On Monday, February 7, from 12 to 2 p.m., Desmond Parker, University of Toronto alumnus and United Nations Chief of Protocol, gave an “insider’s perspective” and detailed account of his personal journey into the diplomatic world at the Mist Theatre to an audience of alumni and students.
Parker has served in the UN for 17 years in various positions, including as a human rights officer in Haiti and Liberia. Currently, he services the protocol needs of 192 member states.
He graduated from UTM in 1976 with a bachelor’s degree in modern languages (French and Spanish), later pursuing a master’s in Francophone literature and a post-graduate diploma in education while lecturing on French language and literature at Ahmadu Bello University in Zaria, Nigeria.
Deep Saini, principal of UTM, was present to introduce Parker to the audience.
“Parker has an impressive CV,” said Saini, “but I think the most important is that he graduated from UTM.”
Parker called it “strange and surreal” to return to these halls for the first time since he left them, adding that he has “vivid memories” of his time at UTM, which he called a “campus of colour and beauty unsurpassed” and said he feels “a certain connection with this institution”.
“So much has transpired. So much has changed,” he said in his speech. “I came with high hopes and very little friends. I was eager to succeed. Today I am convinced that vision and determination are necessary for anyone who wishes to craft a successful career.”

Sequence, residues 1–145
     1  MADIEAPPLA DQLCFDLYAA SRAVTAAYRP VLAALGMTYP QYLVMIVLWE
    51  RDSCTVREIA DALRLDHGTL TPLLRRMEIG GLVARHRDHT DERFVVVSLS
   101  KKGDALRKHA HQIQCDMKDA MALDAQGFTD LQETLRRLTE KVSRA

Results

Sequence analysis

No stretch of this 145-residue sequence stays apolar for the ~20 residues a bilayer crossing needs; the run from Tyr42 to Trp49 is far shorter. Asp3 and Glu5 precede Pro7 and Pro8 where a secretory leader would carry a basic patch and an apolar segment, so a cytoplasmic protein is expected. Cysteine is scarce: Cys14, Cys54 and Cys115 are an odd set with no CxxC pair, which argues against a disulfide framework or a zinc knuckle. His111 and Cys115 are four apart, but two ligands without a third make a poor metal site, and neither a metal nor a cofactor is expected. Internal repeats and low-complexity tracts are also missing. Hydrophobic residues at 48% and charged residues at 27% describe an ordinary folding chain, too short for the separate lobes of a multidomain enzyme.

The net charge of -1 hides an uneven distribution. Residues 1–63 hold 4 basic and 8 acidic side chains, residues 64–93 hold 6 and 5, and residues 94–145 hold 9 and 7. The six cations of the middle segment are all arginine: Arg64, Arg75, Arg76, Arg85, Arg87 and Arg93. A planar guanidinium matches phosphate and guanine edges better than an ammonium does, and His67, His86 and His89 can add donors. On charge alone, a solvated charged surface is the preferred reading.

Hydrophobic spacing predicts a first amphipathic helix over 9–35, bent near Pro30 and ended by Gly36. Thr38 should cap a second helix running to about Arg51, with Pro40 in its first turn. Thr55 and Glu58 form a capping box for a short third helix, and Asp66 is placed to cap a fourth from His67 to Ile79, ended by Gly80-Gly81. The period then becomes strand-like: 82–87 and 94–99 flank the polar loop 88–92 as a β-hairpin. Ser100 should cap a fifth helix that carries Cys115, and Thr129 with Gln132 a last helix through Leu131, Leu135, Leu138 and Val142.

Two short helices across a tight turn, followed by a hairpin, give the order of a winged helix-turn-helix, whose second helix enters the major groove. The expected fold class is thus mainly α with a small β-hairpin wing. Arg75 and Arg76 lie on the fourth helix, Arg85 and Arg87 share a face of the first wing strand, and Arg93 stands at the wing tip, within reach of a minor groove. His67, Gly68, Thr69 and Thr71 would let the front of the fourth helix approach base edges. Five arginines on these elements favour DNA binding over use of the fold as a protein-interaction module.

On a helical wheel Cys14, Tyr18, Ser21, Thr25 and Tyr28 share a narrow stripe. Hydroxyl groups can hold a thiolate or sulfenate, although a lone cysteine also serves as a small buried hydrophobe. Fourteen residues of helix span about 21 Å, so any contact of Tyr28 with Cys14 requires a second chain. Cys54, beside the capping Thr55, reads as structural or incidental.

Parker described his journey from his time at UTM to his role in the world of international diplomacy with an emphasis on his undergraduate years. Parker described how the UTM experience “molded and focussed” him on his career path and provided him with the opportunity to learn transferable skills, which he has taken with him around the world. He also had advice for undergraduates seeking direction in their career options.
“When choosing a career path, you must ask yourself this question: How can you use your education for something greater than you could ever imagine?” advised Parker. “We all have the opportunity to achieve great things. We don’t know when history is going to choose us; you have to have a vision of what is possible.”
Parker concluded by saying: “There is nothing wrong with dreams. Everything is possible. Keep the question in mind: How can I be used for something greater than myself? Stay humble. Stay focussed.”
After Parker’s speech, two of his UN colleagues gave advice on how to prepare an application that “stands out” to résumé-readers when seeking a job or career in the UN. After briefly describing their own career paths, the two officials noted that there are many ways to become part of the UN. A standard formula does not exist, and “knowing someone on the inside” is not necessarily the best way to get a job. Jobs are currently open in Vienna, New York, Geneva, and elsewhere. Internships are also available. For a detailed list, students are asked to visit careers.un.org.
For more information on the UN, students are asked to visit un.org.